This core design is primarily found in disposable hygiene articles produced and used in China. Compound cores do not use cellulose fluff. Instead, they are made by “sprinkling” superabsorbent polymer (SAP) on a layer of high loft nonwoven and enclosing this composite with a top and bottom layer core wrap made of tissue or nonwoven. With this process, the SAP particles are entangled within the synthetic nonwoven fibers. A core adhesive is necessary to maintain the three layers and to keep the SAP particles contained within the core material.
Compound cores are often constructed offline and transported in boxes or rolls to the hygiene production line. In order to include them into a diaper, the compound cores are fed onto the diaper production line and encased in the core wrap. A core adhesive may be necessary to position the core material and maintain it within the different layers of the core system. Recently, there is an increase in machinery that can produce these cores online.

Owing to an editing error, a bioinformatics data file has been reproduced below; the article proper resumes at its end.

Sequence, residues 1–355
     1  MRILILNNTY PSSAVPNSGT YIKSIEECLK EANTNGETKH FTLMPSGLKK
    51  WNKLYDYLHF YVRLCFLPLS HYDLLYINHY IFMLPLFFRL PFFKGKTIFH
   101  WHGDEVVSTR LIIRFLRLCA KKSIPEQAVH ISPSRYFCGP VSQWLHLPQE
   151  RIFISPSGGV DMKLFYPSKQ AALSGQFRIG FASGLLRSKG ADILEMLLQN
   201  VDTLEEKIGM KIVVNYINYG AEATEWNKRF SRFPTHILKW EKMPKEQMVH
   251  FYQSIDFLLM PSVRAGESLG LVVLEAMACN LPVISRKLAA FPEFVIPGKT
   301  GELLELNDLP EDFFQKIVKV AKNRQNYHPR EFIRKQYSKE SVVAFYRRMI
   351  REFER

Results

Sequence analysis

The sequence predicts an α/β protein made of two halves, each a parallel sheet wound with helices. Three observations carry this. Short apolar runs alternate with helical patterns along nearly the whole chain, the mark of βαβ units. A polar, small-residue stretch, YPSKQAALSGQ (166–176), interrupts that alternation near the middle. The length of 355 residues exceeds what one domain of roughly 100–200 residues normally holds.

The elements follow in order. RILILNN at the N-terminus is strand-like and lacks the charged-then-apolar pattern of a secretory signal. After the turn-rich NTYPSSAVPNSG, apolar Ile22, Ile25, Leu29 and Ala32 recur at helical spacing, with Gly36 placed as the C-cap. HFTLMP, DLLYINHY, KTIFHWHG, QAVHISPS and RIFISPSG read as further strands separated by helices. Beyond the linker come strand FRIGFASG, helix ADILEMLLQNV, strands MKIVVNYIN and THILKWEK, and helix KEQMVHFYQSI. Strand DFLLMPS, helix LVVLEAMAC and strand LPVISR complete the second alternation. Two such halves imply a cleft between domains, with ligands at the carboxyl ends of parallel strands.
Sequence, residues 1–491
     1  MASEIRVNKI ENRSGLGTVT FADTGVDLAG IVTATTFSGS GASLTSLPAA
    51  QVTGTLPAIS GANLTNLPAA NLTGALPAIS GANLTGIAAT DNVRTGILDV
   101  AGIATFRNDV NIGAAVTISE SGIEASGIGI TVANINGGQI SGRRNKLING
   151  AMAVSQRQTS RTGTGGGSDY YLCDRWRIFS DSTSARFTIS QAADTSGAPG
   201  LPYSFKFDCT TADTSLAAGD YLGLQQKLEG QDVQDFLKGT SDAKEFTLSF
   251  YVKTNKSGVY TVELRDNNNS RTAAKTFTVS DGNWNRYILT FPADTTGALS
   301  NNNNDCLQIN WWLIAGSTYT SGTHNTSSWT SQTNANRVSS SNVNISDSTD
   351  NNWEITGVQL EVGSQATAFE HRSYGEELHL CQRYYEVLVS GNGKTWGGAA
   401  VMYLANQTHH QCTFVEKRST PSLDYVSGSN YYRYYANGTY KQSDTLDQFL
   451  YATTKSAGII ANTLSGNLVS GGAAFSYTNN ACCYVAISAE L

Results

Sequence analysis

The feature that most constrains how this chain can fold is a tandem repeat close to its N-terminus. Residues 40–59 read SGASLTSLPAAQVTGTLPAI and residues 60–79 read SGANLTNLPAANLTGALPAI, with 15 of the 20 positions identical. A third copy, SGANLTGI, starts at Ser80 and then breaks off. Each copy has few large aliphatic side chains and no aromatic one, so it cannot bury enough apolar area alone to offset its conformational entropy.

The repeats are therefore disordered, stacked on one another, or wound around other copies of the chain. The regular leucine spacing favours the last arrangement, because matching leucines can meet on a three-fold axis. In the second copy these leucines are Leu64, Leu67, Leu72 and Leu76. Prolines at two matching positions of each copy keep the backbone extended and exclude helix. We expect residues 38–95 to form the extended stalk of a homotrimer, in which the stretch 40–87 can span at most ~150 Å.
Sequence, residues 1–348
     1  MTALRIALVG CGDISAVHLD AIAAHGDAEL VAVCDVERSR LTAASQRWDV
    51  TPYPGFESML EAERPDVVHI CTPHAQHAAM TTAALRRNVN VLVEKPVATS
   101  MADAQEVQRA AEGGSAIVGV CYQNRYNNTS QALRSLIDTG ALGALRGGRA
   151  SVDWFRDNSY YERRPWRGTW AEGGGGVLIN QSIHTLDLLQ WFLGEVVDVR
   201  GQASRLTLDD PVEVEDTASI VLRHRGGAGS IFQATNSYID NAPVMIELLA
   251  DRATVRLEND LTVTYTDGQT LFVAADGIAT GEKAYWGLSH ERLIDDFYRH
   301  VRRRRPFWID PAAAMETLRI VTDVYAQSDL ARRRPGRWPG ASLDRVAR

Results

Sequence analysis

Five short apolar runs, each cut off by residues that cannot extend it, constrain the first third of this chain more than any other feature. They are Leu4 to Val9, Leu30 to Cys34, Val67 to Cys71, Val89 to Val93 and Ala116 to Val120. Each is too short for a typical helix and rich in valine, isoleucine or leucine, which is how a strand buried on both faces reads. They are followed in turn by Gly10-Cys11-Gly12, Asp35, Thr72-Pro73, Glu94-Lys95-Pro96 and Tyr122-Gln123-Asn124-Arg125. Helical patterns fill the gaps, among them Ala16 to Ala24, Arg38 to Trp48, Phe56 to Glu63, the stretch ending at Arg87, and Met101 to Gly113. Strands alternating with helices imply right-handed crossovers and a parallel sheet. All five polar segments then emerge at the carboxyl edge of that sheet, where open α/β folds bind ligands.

The synthetic nonwoven fibers used in compound cores have poor wicking abilities. When manufactured offline, the compound core also needs to be manipulated several times before being integrated into a diaper, meaning SAP loss is greater due to shaking. Using the right core adhesive can help reduce SAP loss while also impacting wicking and improving core integrity.
While the concept of using synthetic nonwoven fibers instead of cellulose fluff may simplify the supply chain, compound cores can be expensive to make as they may require slower line speeds for production.